when you discover the creators behind the works you love. And few discoveries were more eye opening to me than Mr. Sendak. That one man could have played a role in Where the Wild Things Are and Pierre and Little Bear and, and. The parade of ampersands marches on through my childhood. I felt, as did millions, a very personal loss when he left us. 5 Richard Scarry. Everything he made was so perfectly Scarry, so warm and floating. The aesthetic equivalent of a towel fresh from the dryer. Of all his creatures, I was most obsessed with Lowly, the hat-adorned worm. Lowly spoke to me as a lovable oddball. For years, I had a Lowly in my studio, until passing it on to my niece, a very lovable oddball with a hat of red hair. 6 Heinz Edelmann. At my grandparents’ house, my sisters and I would draw on giant dot matrix printer paper and watch cartoons. On several occasions the cartoon in question was The Yellow Submarine. It destroyed me. What was this? A nightmare fused with ballet (The Nutcracker had a similar effect at an even younger age). I was scared. I wanted to watch it again. It still makes me crawl a bit. But I keep a Blue Meanie in my studio nonetheless. 7 Alex Katz. The first time I saw an Alex Katz piece was in high school. I didn’t like it. It was so… still. I was too frenetic at that age to appreciate that kind of restraint. Soon enough, though, his work (and similarly David Hockney’s) became important to me.

Paintings that managed to be figurative, almost photographic, yet hold within their borders far more than a single image should be able to contain. 8 Edward Hopper. The commonalities between Katz and Hopper are what drew me to Hopper, but the differences are of far greater interest to me now. Both so often feel still, but Hopper’s color and painting technique grant his world a burning, aggressive sadness. The aftermath of passion in a relationship both parties know is over, but lack the strength to voice it. 9 Charles Sheeler. I only came across Sheeler’s work in the last few years. My loss. Here again, the similarity to another (this time Hopper) enticed me to explore his paintings. But Sheeler’s work mines yet another stillness: the world of man’s creation devoid of its creator. Our buildings, bloodless. 10 Marcel Duchamp. In college, a friend said he despised Duchamp. “He was a charlatan!” I think that’s precisely why I’ve come to love him. He was laughing while the art world shook its fist at him. He was playing. With toilets. 11 Charles Schulz. I’ve rewritten this note more than any other in this book. Charles Schulz’s impact is impossible to summarize. As a melancholic child, I connected with the idea of Charlie Brown. But as I grew older, I connected with the idea of the man who sat by himself drawing that little blockhead, day after day, for almost fifty years. 12 Steve Ditko. My first comic book was given to me by my dentist. In it were reprints of old Ditko and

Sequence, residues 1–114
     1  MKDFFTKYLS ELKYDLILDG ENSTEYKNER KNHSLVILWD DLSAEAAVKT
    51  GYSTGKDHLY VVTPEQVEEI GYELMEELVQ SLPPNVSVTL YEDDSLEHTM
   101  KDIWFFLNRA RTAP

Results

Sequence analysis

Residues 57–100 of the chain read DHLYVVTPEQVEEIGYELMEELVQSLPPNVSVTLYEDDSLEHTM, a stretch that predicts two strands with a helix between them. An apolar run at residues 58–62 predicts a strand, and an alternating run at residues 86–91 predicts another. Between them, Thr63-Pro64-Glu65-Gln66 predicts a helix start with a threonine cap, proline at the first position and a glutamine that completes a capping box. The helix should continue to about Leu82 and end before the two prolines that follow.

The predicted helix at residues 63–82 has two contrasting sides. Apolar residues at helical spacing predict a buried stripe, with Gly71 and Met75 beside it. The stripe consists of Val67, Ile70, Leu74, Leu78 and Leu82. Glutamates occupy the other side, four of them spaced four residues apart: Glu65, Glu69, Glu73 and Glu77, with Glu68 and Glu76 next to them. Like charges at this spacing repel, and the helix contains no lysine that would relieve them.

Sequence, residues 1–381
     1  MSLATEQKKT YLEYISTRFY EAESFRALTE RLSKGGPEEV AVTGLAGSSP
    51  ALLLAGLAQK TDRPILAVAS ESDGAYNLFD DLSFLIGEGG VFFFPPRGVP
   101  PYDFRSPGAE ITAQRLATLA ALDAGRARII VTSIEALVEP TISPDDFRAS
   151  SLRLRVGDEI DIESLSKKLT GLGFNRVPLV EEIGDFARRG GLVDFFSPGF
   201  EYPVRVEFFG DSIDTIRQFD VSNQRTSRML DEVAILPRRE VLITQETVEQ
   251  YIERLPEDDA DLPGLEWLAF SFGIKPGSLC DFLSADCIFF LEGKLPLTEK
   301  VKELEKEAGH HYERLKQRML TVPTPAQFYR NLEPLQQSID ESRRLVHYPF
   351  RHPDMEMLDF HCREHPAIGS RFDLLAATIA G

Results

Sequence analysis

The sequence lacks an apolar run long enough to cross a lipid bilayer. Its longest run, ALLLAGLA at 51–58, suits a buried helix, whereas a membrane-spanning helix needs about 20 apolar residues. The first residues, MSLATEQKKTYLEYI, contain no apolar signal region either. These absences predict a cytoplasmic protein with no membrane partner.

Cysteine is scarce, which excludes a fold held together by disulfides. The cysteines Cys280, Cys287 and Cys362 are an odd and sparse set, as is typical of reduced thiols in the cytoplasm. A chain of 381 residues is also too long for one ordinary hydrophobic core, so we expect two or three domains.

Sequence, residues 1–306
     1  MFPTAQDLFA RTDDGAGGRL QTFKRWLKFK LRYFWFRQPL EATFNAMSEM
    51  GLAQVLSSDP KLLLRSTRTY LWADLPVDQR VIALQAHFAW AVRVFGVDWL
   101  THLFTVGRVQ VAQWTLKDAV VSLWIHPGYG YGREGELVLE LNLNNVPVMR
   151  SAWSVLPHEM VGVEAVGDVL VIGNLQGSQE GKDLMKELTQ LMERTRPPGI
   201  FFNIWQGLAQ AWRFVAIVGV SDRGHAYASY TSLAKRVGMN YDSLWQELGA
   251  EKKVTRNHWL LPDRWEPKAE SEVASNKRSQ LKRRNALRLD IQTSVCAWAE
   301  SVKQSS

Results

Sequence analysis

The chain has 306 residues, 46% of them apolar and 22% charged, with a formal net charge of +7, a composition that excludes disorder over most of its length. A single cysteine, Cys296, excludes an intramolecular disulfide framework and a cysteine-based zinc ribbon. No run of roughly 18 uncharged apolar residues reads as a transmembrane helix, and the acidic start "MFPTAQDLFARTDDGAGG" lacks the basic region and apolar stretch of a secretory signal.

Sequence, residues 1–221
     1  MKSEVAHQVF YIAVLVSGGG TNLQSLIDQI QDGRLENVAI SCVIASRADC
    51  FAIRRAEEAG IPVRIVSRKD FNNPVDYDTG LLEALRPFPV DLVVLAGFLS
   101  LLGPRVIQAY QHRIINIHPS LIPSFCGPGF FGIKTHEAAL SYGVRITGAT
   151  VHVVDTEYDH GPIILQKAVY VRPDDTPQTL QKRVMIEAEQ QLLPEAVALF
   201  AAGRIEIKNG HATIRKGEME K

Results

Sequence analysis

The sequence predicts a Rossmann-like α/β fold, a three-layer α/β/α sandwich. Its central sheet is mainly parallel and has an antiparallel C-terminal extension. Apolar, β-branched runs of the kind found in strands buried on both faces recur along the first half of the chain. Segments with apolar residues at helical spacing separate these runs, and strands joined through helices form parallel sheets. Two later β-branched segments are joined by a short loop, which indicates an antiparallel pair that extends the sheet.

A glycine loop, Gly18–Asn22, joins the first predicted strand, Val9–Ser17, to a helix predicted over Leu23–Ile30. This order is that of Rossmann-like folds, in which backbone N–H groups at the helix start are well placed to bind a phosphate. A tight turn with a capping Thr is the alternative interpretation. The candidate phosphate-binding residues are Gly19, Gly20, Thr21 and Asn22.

Romita Spider-Man stories. There was no question who I liked better: Ditko. His drawings are Spider-Man. The melting, wilting, pained lines and compositions so perfectly fit the dejected teenager and his wisecracking, webslinging counterpart. 13 Ansel Adams. I always loved the majestic quality of Adams’s photographs, but when I studied the mechanics of photography and film I appreciated the patience these long exposures must have required. Thinking of him watching, waiting… the work takes on another quality altogether. 14 Sandro Botticelli. I have a certain obsession with drawing a particular kind of eye socket. I brought this up once at a party and was treated to a roomful of disgusted stares. Can’t blame them, it sounds weird. But there is no surer fix for that obsession than studying Botticelli. Those eyes! I can never quite capture them correctly. 15 Gahan Wilson. Growing up, The New Yorker granted many gifts. The most grotesque but somehow friendliest to my eyes was Mr. Wilson. No one could make demons or the dreary more inviting. 16 Curt Swan. If Steve Ditko was perfection for Spider-Man, Curt Swan was that for Superman. His figures’ life and weight (or absence of weight, some of my favorites being his “seethrough” people) were wed so wonderfully with the strangeness of that era of the man of steel. Another artist would have made it all feel insane, but Swan just winked at you. “We’re in for another kooky adventure!”


Artists Authors Thinkers Directors by Paul Hornschemeier - preview